Lawmaker Hopes Third Time Is The Charm For Assisted Living Reform

Feb 24, 2014

Sen. Eleanor Sobel (D-Hollywood)
Credit Florida Senate

South Florida's Assisted Living Facilities were the subject of a series of 2011 Miami Herald reports alleging lax oversight and abuse of residents in several South Florida facilities. Now, years later, Florida lawmakers are inching closer on bills cracking down on the industry.

Senate Bill 248 and its House counterpart would see ALF’s rated by the Florida’s Agency for Healthcare Administration. The facilities would also face tougher financial penalties for violations. The assisted living industry is opposed to both provisions, but supporters say making the changes law would prevent backsliding.

“I’m thinking to myself, it’s like rating teachers, rating doctors. You know, how many times did you feel you got an unfair grade in school?" Said Sen. Eleanor Sobel (D-Hollywood), who is spearheading the effort.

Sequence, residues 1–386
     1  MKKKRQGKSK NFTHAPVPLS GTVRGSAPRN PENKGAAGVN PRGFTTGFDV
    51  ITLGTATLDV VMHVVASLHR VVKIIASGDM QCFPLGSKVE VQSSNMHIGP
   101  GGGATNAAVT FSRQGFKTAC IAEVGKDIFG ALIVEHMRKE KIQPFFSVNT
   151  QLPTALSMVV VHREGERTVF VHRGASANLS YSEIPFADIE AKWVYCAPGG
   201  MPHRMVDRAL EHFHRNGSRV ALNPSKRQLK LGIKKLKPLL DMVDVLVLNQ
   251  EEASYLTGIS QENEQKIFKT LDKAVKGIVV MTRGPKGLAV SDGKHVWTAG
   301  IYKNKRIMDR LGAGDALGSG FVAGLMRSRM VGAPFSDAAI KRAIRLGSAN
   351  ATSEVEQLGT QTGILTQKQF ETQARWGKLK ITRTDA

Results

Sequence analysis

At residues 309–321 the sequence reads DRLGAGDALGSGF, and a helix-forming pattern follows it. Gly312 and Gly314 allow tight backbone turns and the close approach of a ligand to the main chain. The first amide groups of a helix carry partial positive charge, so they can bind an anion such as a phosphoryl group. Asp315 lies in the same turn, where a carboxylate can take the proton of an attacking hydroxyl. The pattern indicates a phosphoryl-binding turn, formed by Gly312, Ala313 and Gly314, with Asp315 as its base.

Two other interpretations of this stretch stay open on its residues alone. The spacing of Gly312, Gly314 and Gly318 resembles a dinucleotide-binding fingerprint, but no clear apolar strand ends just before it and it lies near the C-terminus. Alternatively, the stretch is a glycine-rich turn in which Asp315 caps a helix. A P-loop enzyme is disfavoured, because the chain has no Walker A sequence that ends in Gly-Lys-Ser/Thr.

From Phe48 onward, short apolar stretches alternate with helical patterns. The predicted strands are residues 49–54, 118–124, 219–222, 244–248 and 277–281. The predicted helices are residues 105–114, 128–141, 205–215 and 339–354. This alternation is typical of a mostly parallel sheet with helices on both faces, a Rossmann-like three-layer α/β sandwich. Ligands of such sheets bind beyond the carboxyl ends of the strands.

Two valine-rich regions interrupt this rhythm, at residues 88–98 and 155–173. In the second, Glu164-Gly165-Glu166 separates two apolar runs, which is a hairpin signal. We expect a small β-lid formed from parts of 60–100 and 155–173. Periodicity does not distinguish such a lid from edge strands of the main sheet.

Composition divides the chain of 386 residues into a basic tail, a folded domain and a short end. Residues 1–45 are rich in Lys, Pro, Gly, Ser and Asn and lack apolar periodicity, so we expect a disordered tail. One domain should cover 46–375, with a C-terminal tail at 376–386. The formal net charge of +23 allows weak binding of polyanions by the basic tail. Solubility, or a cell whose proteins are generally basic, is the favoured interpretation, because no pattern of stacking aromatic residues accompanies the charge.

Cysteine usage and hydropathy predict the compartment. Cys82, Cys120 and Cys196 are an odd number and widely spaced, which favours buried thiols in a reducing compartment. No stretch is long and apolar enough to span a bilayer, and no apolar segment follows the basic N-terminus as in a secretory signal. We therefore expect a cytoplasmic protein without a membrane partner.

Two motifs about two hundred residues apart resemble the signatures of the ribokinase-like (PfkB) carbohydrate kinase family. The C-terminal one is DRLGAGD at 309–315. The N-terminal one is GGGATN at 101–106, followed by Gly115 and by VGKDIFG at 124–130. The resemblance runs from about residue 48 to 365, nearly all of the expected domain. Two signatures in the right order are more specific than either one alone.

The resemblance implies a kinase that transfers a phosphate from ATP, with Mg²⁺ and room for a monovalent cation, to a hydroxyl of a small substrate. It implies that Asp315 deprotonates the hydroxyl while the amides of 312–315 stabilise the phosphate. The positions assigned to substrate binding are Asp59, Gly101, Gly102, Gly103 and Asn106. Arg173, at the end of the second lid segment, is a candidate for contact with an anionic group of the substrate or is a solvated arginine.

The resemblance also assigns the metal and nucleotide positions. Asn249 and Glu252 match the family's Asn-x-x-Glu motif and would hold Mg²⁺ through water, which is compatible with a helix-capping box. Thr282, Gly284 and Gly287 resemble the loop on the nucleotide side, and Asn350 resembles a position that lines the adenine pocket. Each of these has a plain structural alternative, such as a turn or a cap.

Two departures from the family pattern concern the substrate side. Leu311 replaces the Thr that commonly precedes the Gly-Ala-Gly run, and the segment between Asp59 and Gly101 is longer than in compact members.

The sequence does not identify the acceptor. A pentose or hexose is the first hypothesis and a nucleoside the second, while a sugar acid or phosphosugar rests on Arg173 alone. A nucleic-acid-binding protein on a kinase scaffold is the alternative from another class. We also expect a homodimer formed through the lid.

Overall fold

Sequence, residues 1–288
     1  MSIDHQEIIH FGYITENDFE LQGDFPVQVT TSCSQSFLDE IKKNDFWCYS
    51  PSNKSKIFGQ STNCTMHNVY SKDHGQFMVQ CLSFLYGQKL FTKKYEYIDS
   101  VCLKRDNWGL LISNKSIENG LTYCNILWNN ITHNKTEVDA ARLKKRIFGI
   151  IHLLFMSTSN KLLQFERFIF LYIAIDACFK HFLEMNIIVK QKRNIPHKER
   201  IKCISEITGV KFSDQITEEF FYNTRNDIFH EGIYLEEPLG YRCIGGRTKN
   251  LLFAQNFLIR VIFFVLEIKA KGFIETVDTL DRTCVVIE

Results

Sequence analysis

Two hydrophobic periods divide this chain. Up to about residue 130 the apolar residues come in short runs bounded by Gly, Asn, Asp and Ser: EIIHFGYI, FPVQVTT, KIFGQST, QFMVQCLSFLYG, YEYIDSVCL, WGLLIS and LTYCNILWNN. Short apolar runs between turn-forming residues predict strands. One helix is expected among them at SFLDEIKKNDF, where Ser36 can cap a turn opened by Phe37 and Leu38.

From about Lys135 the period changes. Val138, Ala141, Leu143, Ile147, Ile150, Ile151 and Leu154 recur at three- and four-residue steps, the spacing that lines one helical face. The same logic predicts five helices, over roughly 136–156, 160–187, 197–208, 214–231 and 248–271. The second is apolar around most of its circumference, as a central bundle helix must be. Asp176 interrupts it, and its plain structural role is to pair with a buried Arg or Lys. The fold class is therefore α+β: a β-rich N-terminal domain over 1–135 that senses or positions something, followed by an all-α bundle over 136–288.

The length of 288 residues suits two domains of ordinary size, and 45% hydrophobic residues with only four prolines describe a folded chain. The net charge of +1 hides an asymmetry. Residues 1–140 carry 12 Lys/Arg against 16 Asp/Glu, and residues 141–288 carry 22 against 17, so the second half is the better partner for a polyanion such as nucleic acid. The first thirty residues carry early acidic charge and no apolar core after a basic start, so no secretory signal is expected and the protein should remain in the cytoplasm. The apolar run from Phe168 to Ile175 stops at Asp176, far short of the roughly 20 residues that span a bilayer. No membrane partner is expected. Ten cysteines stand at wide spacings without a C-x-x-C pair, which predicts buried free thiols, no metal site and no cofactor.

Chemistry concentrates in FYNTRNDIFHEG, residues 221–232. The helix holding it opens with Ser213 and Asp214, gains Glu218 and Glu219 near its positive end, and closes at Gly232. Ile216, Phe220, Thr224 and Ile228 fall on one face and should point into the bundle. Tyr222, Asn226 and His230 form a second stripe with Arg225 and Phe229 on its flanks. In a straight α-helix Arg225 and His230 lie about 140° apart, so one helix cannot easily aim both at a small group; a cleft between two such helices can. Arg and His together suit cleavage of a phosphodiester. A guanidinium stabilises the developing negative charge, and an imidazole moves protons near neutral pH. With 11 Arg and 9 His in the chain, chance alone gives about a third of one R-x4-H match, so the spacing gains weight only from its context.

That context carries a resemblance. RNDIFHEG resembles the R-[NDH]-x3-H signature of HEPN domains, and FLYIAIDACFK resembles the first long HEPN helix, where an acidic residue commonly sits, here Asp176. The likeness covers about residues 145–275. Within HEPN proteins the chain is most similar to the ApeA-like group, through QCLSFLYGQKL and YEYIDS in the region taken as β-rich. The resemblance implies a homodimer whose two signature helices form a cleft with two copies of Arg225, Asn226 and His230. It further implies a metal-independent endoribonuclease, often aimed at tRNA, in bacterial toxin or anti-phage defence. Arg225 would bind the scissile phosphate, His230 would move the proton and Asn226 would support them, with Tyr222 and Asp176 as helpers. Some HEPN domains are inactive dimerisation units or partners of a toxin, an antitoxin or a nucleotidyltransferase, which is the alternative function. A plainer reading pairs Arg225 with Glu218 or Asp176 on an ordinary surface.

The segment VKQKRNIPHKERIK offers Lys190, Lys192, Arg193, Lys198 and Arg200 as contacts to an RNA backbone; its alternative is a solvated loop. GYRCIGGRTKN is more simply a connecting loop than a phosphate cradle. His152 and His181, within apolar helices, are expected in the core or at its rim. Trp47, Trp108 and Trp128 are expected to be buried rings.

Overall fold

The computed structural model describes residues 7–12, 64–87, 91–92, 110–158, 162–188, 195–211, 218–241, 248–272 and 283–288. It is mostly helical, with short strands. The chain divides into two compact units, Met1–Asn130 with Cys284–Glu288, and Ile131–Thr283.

The Assisted Living Industry has fought off legislative efforts for two years now, and they aren't fans of the increased penalties. Susan Langston, a lobbyist for the Florida Assisted Living Association, says her industry is different from nursing homes, which provide medical care. Langston argues the proposal--which would fine facilities based on type of offense and size of the home--is unfair and could put some ALF's out of business.

“We need to make sure we keep this industry healthy and not over-fine it and put small homes out of business. The majority of Assisted Living Facilities in Florida are 10 beds or fewer," she says.

The bill was initially set to hit the Senate floor on the first day of the legislative session but has now been scheduled for an additional hearing in the Appropriations Committee because AHCA could need more money to enforce it. A similar proposal is nearing a House vote as well.